Proper British Scones

In honor of Sunday, which as every one knows is for sleeping in, reading the paper, and dawdling endlessly over delicious coffee and even more delicious baked goods, I made scones today.

I have been looking for years for a decent recipe for scones. Back when I was a cook in Northampton, I used to work with a guy who would whip them up out of a recipe in his head for the kitchen staff during brunch shifts. When I left that job, I made him write down the recipe for me, and for many years I had that scrap of paper tucked in my old 1898 Fannie Farmer cookbook. Now I’ve lost both cookbook and scone recipe, and it has put me in a tight spot, I can tell you.

It is hard to find a decent scone recipe in these parts. In the States, it seems that we can’t abide a baked good that isn’t drenched in sugar and cakier than cake itself. The idea of a dense, rich, almost semi-sour biscuit, with only the merest hint of an egg wash glaze on its golden brown skin, seems harder for us to fathom than differential calculus.

I failed at calculus, but I know a good scone when I taste one.

The best scone I’ve had in recent memory was at a place called The Courtyard Cafe in Bath. It was across the alleyway from the more famous and somewhat gaudy Jenny Lunn Historic Eating House and Museum — a bit of a mouthful for what is essentially a rickety old bake shop.

After our day in Bath, Melissa and I continued our researches in pursuit of the ultimate scone, but we never found anything to exceed the ones we had at the Courtyard Cafe. So when we got back to the States, I started looking for a decent recipe, so that I could at least try to replicate the experience.

I went to my trusty old friend, The Internet, but mostly what I found was the sweet, sugar-glazed, cakey variety referenced above. Eventually, I began to stumble across websites that ended in, which told me I was finally on the right path. When I found recipes that gave the lists of ingredients in grams instead of cups and tablespoons, I knew I was in the right place.

So I experimented for a series of Sundays. (What I won’t suffer for my research, I tell you.) Eventually, I came up with this hybrid recipe, which I am still using, and will continue to use until I hear of an improved version. You are quite welcome to turn me on to YOUR amazing scone recipe. Believe me, I will not be at all put out if yours is better than mine. I will most likely kiss your toes.

Beth’s Proper British Scones

Preheat oven to 425 degrees. Line a baking sheet with parchment paper.

2 cups flour
1 ½ tsp baking powder
2 ½ tsp sugar
½ tsp sea salt
4 ½ Tbs butter (cold)
⅔ cup milk (+ 1 Tbs for egg wash)
1 egg yolk

1.  Mix together flour, baking powder, sugar, and sea salt.
2.  Drop in the butter in tiny cubes and work with fingers until no butter is larger than a pea. Add the milk and mix briefly, just enough to bind the wet with the dry. Do NOT overmix.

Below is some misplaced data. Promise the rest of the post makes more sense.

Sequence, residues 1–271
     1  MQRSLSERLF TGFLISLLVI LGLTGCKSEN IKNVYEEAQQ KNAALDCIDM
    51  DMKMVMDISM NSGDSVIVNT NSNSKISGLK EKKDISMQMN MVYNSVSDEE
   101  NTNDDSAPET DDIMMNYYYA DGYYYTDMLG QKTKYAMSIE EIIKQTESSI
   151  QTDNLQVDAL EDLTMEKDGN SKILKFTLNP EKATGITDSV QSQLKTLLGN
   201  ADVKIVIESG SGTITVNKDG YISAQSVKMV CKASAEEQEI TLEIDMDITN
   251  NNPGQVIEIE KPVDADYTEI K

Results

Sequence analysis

3.  Drop onto a well-floured board and knead very quickly only 3-4 times.
4.  Pat into a circle about 1 inch thick and cut out scones with a small glass or cookie cutter. Knead together remaining dough and cut out more scones until all the dough has been used.
5.  Beat the egg yolk lightly with one Tbs of milk and brush the tops of the scones with mixture.
6.  Bake on baking sheet lined with parchment paper for 13-15 minutes or until golden brown. Cool on a wire rack.

Serve warm with clotted cream and jam. Or don’t, if you’re anywhere outside of the UK, and serve instead with a forlorn little mound of butter and a pot of orange marmalade, and wonder how much it would cost to have clotted cream shipped to you in small batches.

Then go to your favorite cheap airfare website and buy the damn plane tickets to London.

You guys, scones are getting really expensive!

17 Thoughts.

  1. Thanks for sharing the recipe! My first scones were in Bath in the year 1989–I still remember how wonderful they were! Although the best scones and clotted cream with strawberry jam I had while I was in England for 3 months were in Glostershire. I’d love to get the real clotted cream here, but what I’ve found isn’t really the same thing, even though they promote it as English Clotted Cream. It’s funny, but I can still remember the Jenny Lunn place that you mentioned even though it’s been over 20 years ago! What a wonderful place Bath is!

  2. That’s so funny. I didn’t realise American’s didn’t make them. I make scones all the time because they are cheap and quick and easy. I used to make a bizarre recipe that goes like this… 4 cups self-raising flour, 1 can lemonade, 1 bottle (300mls) runny cream. Mix all together, press out till about 1 inch thick cut into squares and bake in a hot oven for 15-20 minutes. These are light and delicious with raspberry jam and cream. We beat the cream till thick and add a spoonful of icing sugar. It’s worth trying just for the novelty factor, but it does make delicious scones!!

  3. I will definately be making these. I too love a less american scone. Have you a good irish soda bread recipe? I adore irish soda bread….

  4. Watched “Fannie’s Last Supper” on PBS last weekend. There was an assortment of chilled/molded jellies. They were pretty and wobbly but I’m positive I’d rather have these scones! Sounds and looks addicting and mmmmmm!

  5. As an actual Brit I can attest to the fact that American scones are not quite the same, but if you want one that is damn close then go to the Dunbar Tea Room in Sandwich. Really good cream teas, very authentic and their clotted cream is quite excellent. That is where I go when I get a little homesick. I went to college in Devon (center of the universe for cream teas) so there was many a scone, cream and jam combo in my food pyramid between the years of 1982 and 1988; and the absolute best were at a little place in Ottery St. Mary. I couldn’t remember the name of it so I just googled ‘cream teas ottery st mary’ and there is a tearoom for sale there – real estate, business and living quarters all in one. Hmmm. Do I hear change in career path?

  6. Ooooooh, gotta try these. I’ve been wanting to try my hand at scones, because I love having fresh, warm baked goodies for a weekend breakfast, but my wee girlies (I’m referring to my children, not my boobs) aren’t fond of overly sweet breakfasts like frosted cinnamon rolls etc. With the long holiday weekend coming up, I’m thinking I need to add these to the menu one morning. Sconey funtimes!